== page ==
Russell Group urges Government to maintain R&D investment to protect flow of new business and jobs

15 November 2022

Multi-million pound businesses that create jobs, grow the economy and make life-changing innovations a reality must be protected in the Autumn Statement, the Russell Group has said today (15 November 2022).

Wireless foetal heart rate monitors that are used around the world, pothole-repairing robots or greener washing machines that use less water and energy are just a few of the innovations developed by research at Russell Group universities and ‘spun out’ into successful businesses.

Companies like these are just one of the ways the UK’s world class R&D sector helps to boost growth, with many of them raising millions of pounds of private investment. They also create high-value, high skilled jobs as well as developing new products that help to improve people’s lives.

Ahead of the Autumn Statement, the Russell Group has urged the Government not to undermine this pipeline of new businesses by recommitting to its ambition to raise investment in R&D to £20bn by 2024/25 to help grow the economy, create jobs and build a resilient, ideas-driven, innovation nation that is ready to thrive no matter what challenges lie ahead

It is estimated that every pound of public investment crowds in between £2 and £2.34 of private investment, so the current target could crowd in £40 to £50bn of private investment.

By the same token, if Government were to reduce its £20bn commitment, or push the date for meeting it beyond 2024/25, billions of pounds of private investment could be lost – potentially over £2bn for every £1bn of public funding that is held back. In turn, this would also mean thousands of high value jobs not being created. Where companies have a choice to invest in the UK or overseas, even a delay to the public commitment rather than a cut could mean jobs being lost to the UK forever.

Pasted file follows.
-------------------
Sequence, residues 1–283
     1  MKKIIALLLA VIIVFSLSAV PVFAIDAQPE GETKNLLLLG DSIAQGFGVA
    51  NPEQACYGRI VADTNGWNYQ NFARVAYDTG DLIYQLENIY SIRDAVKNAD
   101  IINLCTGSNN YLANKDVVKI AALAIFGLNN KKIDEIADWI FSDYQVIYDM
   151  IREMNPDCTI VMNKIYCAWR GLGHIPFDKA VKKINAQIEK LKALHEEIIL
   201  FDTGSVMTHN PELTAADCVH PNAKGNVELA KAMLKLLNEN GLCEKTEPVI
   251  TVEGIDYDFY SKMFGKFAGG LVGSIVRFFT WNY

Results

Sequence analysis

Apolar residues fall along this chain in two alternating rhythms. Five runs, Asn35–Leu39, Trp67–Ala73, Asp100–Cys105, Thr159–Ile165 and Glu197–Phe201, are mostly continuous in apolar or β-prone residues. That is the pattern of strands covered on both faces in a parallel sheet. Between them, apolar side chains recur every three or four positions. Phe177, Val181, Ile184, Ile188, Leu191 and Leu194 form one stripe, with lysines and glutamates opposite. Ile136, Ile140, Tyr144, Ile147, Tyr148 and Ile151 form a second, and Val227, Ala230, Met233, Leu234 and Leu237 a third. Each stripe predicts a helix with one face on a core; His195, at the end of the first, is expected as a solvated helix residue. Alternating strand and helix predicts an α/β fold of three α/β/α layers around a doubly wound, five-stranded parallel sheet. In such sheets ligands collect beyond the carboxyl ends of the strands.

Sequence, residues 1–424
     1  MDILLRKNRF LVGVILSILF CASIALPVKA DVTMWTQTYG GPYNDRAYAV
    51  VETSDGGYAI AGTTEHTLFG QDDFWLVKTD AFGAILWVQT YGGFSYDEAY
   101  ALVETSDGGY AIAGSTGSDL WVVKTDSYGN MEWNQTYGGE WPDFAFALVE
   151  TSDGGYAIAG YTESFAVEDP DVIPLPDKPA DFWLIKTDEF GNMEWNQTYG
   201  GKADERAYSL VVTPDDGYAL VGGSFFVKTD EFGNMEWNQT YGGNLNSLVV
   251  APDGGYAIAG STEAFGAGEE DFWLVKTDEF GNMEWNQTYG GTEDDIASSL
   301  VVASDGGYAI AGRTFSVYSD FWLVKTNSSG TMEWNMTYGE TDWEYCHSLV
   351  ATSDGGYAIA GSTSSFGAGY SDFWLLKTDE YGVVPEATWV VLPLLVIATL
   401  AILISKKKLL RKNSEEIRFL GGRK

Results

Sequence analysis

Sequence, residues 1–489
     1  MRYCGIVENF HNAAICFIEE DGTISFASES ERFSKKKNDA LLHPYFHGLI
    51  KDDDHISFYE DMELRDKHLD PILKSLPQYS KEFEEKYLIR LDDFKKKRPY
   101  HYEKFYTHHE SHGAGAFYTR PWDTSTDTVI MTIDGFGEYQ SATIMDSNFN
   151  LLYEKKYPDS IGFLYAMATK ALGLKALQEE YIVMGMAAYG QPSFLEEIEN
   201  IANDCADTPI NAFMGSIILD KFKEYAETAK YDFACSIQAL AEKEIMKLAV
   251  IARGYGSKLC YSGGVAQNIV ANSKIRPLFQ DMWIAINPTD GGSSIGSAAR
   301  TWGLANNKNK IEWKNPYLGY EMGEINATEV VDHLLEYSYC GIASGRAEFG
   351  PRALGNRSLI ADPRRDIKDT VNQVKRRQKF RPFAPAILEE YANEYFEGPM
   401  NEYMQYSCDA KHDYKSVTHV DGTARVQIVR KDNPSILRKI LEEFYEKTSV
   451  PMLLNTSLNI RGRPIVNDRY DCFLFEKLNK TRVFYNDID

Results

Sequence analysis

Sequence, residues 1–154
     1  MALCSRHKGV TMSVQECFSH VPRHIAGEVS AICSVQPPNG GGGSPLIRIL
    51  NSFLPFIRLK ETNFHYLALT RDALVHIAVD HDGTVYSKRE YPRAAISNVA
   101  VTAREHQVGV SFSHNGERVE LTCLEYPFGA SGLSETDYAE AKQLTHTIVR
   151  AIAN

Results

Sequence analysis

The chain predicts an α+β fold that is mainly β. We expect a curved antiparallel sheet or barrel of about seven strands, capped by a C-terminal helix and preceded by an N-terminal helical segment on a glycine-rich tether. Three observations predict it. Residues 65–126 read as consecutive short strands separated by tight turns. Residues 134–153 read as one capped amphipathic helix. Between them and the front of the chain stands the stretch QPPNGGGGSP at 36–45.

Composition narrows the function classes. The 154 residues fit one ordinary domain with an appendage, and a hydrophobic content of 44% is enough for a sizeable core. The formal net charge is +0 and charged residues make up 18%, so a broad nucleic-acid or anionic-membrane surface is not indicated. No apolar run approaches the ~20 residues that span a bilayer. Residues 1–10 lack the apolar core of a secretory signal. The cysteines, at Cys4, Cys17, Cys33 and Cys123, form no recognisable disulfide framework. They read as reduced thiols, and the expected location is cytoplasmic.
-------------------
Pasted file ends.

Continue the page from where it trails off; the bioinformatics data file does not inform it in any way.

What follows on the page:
Alongside this, businesses spun out of research at Russell Group universities in 2021/22 created more than 30,000 jobs and almost £5bn of private investment in towns and cities across the UK.

Tim Bradshaw, Chief Executive of the group which represents 24 of the UK’s most research-intensive universities, said:

“Nobody is under any illusions about the difficult choices facing the Government right now but we can all agree that growth is the priority. 

“This is where the UK’s R&D sector is ready to play its part. Investment in our sector has been shown to deliver proven returns for the economy, crowding in billions of pounds of private investment and creating tens of thousands of highly skilled jobs.

“In recent months we have seen how investors can respond to decisions on public funding, which is why we are urging Government to maintain its R&D plans. Doing so not only underlines our ambitions to be a science superpower but shows investors that the UK is a stable place in which to do business and avoids damaging the long-term growth we need.”

Britain is a world leader in turning university research and academic ingenuity into commercial ventures. University spinouts are also more likely to succeed than other new businesses with only one in ten failing within five years, compared to over half of start-ups as a whole.

Many of these ventures are built on research that has been carried out over a number of years but because of the long-term approach universities can take and the unique ecosystem they provide for innovators and entrepreneurs, the rewards can be substantial.

Successful Russell Group spinouts include: